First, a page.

Going back to Dr. Krauss and his research, he confirms that fat doesn’t make us fat, sugar does (even though fat has more calories—9 per gram—than carbs or sugars). Yes, saturated fat adds to our caloric intake, but our digestion breaks down food into the simple sugar glucose, which provides energy to our body tissue. This sugar triggers the release of insulin, a hormone that cries “Feed Me!!” to a body’s cells and turns unused energy into fat. Unfortunately during the fat-free craze, we just replaced saturated fat with too many starchy carbohydrates and are now constantly releasing too much insulin into our systems (can you now see why Diabetes is on the rise?)
Saturated fat helps make you feel full
If you take foods with saturated fat out of the diet, your body will hunger for a replacement—and often find it in starchy, processed carbohydrates. Dr. Krauss says that there are actually adverse results in substituting carbohydrates for fat. Recent research moves saturated fat from the “bad” to the “neutral” column because it contains both good and bad elements that appear to cancel one another out. It’s important to remember that different types of fat produce different types of cholesterol, with both good and bad effects. The ratio of “good” cholesterol to “bad” cholesterol in the bloodstream is what has an effect for cardiovascular health risks.
Man-made trans fats found in partially hydrogenated oils like shortening are definitely bad for the body, but fats found in eggs, olive oil and fish are rich in “good” cholesterol. Protein-rich foods like red meat and nuts, which also contain saturated fats, are best at making the stomach feel full. This is why you can eat a bag of pretzels and not feel full, even though you’ve consumed hundreds of calories.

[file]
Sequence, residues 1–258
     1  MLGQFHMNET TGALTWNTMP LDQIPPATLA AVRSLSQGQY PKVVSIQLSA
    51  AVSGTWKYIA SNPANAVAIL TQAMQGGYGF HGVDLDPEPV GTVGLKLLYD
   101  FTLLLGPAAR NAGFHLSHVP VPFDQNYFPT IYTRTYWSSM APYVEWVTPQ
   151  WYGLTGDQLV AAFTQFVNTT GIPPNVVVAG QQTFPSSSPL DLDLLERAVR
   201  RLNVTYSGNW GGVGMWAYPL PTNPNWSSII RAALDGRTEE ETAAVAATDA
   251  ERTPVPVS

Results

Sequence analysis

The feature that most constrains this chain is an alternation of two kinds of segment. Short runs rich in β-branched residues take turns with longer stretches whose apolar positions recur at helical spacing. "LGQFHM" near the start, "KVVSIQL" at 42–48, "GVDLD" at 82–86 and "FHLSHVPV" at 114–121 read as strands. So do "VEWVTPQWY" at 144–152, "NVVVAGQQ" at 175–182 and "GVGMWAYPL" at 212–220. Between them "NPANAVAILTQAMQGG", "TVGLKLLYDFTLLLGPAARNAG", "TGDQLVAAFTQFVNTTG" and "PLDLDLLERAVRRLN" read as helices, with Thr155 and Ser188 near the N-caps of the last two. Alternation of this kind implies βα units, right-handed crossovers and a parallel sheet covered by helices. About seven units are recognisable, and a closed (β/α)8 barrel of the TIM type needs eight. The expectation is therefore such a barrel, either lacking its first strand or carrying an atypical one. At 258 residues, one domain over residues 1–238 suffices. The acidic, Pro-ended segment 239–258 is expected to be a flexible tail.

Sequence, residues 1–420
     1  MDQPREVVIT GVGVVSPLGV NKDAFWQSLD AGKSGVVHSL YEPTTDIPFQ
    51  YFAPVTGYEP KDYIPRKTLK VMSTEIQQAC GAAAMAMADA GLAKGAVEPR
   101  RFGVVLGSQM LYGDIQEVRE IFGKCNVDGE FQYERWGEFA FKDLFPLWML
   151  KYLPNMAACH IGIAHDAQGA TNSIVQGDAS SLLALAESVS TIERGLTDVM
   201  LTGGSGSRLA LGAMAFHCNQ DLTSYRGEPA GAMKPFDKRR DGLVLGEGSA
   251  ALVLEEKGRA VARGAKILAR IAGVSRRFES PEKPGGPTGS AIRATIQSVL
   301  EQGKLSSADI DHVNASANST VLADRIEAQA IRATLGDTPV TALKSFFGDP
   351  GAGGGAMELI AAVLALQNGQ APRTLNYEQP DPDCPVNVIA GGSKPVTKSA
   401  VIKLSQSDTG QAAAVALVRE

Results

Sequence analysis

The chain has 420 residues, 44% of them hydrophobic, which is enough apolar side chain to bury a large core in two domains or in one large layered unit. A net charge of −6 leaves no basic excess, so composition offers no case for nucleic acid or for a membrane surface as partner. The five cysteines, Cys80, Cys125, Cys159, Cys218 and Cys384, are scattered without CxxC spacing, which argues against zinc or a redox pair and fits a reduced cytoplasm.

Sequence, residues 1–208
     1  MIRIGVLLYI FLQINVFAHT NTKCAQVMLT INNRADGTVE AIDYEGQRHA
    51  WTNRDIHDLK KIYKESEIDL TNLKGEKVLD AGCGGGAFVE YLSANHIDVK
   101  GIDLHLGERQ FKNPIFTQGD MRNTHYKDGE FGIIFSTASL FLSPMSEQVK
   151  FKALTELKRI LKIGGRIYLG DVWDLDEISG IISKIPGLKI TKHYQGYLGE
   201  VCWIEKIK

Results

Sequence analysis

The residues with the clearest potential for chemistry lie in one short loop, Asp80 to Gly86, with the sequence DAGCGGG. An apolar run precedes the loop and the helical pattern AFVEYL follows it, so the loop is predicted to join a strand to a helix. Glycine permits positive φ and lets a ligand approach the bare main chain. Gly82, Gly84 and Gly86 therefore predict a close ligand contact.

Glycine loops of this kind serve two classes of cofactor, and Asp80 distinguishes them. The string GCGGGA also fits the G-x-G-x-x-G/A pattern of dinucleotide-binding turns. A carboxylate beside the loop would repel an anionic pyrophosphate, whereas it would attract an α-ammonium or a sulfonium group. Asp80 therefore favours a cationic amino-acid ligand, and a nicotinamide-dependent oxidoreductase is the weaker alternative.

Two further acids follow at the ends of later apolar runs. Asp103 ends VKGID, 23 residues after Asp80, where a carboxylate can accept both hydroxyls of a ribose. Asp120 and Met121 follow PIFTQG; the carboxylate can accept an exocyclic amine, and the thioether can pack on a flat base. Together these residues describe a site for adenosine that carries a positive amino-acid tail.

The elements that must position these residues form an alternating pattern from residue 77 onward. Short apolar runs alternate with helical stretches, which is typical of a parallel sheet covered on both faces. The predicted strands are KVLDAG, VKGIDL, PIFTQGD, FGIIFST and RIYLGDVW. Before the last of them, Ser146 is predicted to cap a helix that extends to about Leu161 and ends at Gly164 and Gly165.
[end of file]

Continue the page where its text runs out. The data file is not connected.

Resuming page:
Stick to whole foods
And by that I don’t mean the grocery chain (though it’s a great place to shop). Whole, unprocessed foods, be they beef, grains or vegetables, are always a better option than packaged foods. Try to minimize intake of processed foods, especially processed carbohydrates. Experts say while steak may be healthier than you realized, a diet heavy on vegetables is always best. Carbohydrates such as bread or rice made from whole grains rather than refined white flour like white bread and bagels are much better for you.
So nix the sugary cereals, put down that bagel and slowly back away. Instead, butter that whole-wheat bread, add veggies, cheese, eggs and meat and then you have a real breakfast of champions.
To Eating Positively Well,